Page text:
CFP: Events. New Work on Their Ontology and Semantics

Submission deadline: March 30, 2024

Conference date(s):
June 18, 2024 - June 19, 2024

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Conference Venue:

Laboratoire BCL: Bases, Corpus, Langage / CNRS, Université Côte d’Azur, Nice
Nice, France

Topic areas


Workshop: New Work on the Ontology and Semantics of Events

Université Côte d’Azur, Nice,

Date: 18-19 June 2024

 Events (in the broad sense) play a fundamental role in our interaction with the word: actions, events, processes, states are crucial components of the reality as we represent it. Research on events comprises disciplines as diverse as natural language semantics, the syntax-semantic interface, analytic metaphysics, applied ontology and conceptual modeling.

Events have come to play a central role in natural language since Davidson’s highly influential proposal and has to a great range of developments including, in its Neo-Davidsonian version in the syntax-semantic interface. There are a range of challenges to its have received little attention, such as the distinction between events and acts, events and abstract states, events and situations (as truthmakers). Moroever there are alternatives to Davidsonian events semantics that have been proposed, but ask for further developments, such as truthmaker semantics, force semantics and radical decomposition of verbs in syntax. Finally, there are a great range of interesting issues regarding events and syntatcic structure, including the decomposition of event predicates in syntactic structure and the relevance of cartography for event semantics.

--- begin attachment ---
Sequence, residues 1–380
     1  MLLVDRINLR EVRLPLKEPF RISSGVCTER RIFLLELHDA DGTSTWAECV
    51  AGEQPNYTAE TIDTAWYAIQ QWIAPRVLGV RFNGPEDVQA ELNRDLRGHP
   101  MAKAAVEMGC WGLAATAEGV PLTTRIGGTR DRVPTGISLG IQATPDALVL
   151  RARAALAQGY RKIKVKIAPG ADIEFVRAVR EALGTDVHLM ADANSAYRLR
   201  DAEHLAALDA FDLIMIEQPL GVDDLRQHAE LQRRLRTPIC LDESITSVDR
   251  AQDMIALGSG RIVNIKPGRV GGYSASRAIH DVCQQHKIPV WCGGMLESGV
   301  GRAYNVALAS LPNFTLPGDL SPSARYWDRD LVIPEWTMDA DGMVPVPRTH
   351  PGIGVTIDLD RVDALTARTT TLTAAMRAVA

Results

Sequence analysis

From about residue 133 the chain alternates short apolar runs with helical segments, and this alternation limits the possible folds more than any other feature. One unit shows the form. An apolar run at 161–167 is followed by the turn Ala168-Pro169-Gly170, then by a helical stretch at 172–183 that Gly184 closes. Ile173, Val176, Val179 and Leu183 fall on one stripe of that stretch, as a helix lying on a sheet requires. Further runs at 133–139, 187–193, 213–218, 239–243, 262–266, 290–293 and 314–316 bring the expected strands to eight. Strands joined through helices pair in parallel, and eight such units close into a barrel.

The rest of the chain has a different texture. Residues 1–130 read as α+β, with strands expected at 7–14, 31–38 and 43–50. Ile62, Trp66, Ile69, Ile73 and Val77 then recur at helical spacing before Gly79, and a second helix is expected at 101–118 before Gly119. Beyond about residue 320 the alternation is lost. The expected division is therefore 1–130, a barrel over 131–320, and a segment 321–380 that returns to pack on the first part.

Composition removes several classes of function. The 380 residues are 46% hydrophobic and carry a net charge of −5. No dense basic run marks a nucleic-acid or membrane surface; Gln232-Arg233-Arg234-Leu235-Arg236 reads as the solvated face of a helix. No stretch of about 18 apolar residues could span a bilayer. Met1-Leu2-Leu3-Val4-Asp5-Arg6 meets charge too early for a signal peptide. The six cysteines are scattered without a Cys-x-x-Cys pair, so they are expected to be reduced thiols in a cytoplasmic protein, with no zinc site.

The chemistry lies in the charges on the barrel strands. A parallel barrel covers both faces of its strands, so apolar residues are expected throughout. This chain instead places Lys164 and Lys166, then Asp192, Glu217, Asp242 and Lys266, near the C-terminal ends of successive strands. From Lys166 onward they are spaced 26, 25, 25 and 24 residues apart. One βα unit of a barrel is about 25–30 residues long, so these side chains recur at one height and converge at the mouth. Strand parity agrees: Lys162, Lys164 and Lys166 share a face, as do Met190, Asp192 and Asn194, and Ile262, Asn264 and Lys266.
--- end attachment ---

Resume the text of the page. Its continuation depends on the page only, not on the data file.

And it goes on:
Recently, also the metaphysics of events have seen renewed interest. Several issues have been addressed such as that concerning nature of, and the internal structure of, processes and events, the related issue that concerns the modal profile and the essential properties of events (and whether these features differ from the ones possessed by processes), the question of whether a theory concerning these entities has a descriptive or prescriptive import, as well as the issue concerning the relations between events, dispositions, and causation, and that concerning the nature of negative events and actions.

Finally, the notion of event is pervasive and play a key role in applied ontology and conceptual modeling. It is a general category of the most widespread foundational ontologies such as UFO, DOLCE, and BFO. On the one hand, these ontologies recently provided insightful accounts concerning the nature of events, their part-whole structure, and their difference from, e.g., situations, states, and processes. On the other hand, the notion of events played a key role in elucidating notions such as those of prevention, risk, production, money, and many others.

This workshop aims to bring together new research on events from the different perspectives.

Submission: If you want to contribute, please submit an abstract of approximately 1000 words suitable for a 30-minutes presentation that should be prepared for blind review and include a cover page with the full name, institution, and contact information. Abstracts should be sent in PDF format to: [email protected]

Further information:

Conference Fees: 60€ regular; 40€ students/unemployed


Informal queries: [email protected]

Deadline for submission: 30 March 2024

Notification of acceptance: 15 April 2024


R. Casati and Varzi: ‘Events’. Stanford Encyclopedia of Philosophy (online)

R. Casati and A. Varzi (eds.): Events. Darthmouth Publ. Company, 1996

F. Moltmann: ‘Events in Contemporary Semantics’ (forthcoming), in M. Cassina et al. (eds): 21st-Century Philosophy of Events: Beyond the Analytic / Continental Divide. Edinburgh UP.

Truswell, R. (ed.): Oxford Handbook of Event Structure. Oxford UP, Oxford, 2019.

J. Higginbotham, F. Pianesi, A. Varzi (eds.): Speaking of Events. Oxford UP, 2000.

S. Rothstein (ed.): Events and Grammar, Kluwer, 1998

A. Williams (2021): ‘Events in Semantics’. In P. Stalmaszscuk (ed.): Cambridge Handbook of the Philosophy of Language. Cambridge UP.

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